Cecilia Farfán-Méndez holds a Ph.D. in political science with a focus on international relations and organization theory from UC Santa Barbara. Her book project examines criminal organizations in their own right rather than assuming they are unitary, homogenous actors that mostly traffic illicit drugs. It advances a mid-level theory that identifies subtypes of structures—hierarchies and wheel networks—and explains when and why DTOs pursue additional criminal enterprises, the methods used in money laundering and their different propensities for violence.Farfán-Méndez is a co-organizer of the U.S.-Mexico Security Cooperation Taskforce from the University of California San Diego in partnership with Justice in Mexico from University of San Diego. The purpose of the Taskforce is to help ensure that policymakers are informed and prepared to continue cooperation efforts in a difficult phase in the bilateral relationship, particularly amid emerging challenges related to epidemic levels of opium use, the rise of new organized crime groups and violent crimes targeting ordinary citizens in Mexico.Farfán-Méndez received her bachelor’s degree in international relations from the Instituto Tecnológico Autónomo de México, and holds a master’s degree in international affairs from Columbia University’s School of International and Public Affairs. She has also been a recipient of several research fellowships including the University of California Institute for Mexico and the United States, the Fulbright Program and the UC Institute on Global Conflict and Cooperation.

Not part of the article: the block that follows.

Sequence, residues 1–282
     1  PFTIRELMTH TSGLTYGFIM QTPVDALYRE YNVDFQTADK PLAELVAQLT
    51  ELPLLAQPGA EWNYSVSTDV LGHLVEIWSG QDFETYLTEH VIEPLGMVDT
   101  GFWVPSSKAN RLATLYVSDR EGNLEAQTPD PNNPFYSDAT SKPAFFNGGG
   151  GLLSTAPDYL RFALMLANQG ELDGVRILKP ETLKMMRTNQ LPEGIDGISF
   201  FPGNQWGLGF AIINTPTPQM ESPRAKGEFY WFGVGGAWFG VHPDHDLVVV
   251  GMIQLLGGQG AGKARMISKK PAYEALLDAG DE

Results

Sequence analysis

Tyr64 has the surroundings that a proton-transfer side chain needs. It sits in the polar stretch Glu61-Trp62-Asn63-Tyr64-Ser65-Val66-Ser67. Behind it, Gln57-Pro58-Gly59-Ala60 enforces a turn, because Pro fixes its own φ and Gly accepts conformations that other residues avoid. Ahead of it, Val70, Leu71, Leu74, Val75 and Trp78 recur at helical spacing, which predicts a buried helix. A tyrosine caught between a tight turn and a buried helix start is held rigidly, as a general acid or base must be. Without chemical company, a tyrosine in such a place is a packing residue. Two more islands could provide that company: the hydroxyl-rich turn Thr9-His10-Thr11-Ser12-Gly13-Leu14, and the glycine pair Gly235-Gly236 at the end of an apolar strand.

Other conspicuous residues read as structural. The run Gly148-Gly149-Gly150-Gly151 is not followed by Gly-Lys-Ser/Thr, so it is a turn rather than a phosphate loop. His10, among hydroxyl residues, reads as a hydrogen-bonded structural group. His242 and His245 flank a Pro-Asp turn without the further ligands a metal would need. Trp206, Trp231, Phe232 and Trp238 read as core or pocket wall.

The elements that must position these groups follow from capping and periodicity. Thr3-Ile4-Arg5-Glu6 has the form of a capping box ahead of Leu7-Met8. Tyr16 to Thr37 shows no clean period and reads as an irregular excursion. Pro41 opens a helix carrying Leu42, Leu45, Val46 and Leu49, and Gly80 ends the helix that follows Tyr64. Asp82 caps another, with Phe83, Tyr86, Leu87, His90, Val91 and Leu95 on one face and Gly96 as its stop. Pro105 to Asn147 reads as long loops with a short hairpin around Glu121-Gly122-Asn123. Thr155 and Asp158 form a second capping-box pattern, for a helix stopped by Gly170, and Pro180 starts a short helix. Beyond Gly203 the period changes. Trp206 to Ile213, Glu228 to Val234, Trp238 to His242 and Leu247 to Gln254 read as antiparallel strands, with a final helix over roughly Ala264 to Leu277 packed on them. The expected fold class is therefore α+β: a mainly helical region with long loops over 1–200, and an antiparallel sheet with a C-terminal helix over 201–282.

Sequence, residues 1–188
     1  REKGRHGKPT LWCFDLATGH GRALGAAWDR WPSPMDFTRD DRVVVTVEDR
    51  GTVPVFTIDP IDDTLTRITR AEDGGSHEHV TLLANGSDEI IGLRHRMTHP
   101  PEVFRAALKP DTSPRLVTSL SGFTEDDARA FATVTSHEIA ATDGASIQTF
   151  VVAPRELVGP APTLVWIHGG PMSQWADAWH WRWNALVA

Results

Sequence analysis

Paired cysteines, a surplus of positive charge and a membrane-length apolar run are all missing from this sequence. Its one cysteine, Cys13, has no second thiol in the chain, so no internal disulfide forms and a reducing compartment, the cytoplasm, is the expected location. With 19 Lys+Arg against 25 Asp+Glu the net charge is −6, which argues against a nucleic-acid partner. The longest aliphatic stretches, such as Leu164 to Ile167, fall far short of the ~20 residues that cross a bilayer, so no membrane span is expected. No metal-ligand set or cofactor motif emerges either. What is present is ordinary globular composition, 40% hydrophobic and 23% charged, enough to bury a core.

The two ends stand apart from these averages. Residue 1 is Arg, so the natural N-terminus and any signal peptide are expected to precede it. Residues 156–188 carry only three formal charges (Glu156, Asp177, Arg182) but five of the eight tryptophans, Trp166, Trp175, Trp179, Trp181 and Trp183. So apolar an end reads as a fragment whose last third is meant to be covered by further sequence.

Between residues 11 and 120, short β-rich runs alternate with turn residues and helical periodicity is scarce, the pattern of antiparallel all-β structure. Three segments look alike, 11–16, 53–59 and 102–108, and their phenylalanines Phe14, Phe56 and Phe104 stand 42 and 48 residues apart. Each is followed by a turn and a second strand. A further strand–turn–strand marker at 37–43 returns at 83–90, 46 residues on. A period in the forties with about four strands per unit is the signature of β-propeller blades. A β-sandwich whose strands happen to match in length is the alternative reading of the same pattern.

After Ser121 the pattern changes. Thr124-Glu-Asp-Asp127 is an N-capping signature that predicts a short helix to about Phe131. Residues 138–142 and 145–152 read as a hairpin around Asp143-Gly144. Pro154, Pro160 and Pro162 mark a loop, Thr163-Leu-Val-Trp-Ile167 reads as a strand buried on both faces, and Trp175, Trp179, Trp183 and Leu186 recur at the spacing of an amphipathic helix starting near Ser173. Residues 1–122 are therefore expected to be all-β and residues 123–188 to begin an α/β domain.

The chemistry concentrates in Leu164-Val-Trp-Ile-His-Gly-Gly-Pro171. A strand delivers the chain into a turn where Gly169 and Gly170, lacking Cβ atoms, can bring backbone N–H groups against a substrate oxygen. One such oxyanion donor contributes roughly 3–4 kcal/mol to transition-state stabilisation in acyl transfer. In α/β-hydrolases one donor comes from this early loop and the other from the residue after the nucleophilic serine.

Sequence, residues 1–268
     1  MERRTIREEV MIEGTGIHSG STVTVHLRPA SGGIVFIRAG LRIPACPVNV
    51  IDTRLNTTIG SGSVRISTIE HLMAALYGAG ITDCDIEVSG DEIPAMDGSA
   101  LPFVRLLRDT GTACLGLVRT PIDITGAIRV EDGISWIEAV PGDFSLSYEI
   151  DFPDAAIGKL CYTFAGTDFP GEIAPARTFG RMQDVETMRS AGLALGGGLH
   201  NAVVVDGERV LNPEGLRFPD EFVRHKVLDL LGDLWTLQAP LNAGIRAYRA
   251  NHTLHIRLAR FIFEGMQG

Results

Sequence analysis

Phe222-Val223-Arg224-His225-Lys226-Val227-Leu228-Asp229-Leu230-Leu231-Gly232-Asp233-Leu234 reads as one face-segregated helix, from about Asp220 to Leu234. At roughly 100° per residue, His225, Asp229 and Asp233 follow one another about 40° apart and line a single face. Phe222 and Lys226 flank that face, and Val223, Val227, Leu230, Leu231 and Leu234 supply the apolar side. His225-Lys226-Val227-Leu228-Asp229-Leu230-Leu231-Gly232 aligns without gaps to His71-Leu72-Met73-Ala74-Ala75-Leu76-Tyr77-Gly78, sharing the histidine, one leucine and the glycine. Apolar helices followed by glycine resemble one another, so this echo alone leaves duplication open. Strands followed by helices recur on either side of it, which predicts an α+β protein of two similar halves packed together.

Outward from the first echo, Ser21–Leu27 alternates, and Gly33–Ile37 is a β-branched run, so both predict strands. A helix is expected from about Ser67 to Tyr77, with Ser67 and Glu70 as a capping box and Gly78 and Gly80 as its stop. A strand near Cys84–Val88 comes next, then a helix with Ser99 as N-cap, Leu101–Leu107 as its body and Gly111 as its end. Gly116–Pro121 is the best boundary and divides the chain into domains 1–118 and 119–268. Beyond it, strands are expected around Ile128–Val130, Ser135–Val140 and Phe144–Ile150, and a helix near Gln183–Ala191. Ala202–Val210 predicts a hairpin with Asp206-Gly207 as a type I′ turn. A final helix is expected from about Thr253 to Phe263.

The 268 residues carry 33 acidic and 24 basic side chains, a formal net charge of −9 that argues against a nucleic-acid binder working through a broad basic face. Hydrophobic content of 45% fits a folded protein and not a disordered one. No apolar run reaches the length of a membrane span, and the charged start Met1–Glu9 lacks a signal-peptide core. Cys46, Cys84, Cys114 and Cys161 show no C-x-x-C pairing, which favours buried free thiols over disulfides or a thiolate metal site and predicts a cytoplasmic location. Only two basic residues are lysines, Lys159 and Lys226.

Conflict Processes & War
Latin American And Caribbean Politics
Transnational Organized Crime